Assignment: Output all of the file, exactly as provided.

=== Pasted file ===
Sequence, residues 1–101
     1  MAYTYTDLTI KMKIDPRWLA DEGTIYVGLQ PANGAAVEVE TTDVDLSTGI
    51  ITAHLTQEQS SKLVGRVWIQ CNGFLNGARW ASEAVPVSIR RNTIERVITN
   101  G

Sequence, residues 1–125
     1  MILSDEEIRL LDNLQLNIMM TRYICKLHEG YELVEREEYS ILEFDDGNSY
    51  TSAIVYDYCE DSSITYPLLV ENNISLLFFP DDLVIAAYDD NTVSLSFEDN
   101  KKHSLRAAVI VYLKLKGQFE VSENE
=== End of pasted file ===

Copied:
Sequence, residues 1–101
     1  MAYTYTDLTI KMKIDPRWLA DEGTIYVGLQ PANGAAVEVE TTDVDLSTGI
    51  ITAHLTQEQS SKLVGRVWIQ CNGFLNGARW ASEAVPVSIR RNTIERVITN
   101  G

Sequence, residues 1–125
     1  MILSDEEIRL LDNLQLNIMM TRYICKLHEG YELVEREEYS ILEFDDGNSY
    51  TSAIVYDYCE DSSITYPLLV ENNISLLFFP DDLVIAAYDD NTVSLSFEDN
   101  KKHSLRAAVI VYLKLKGQFE VSENE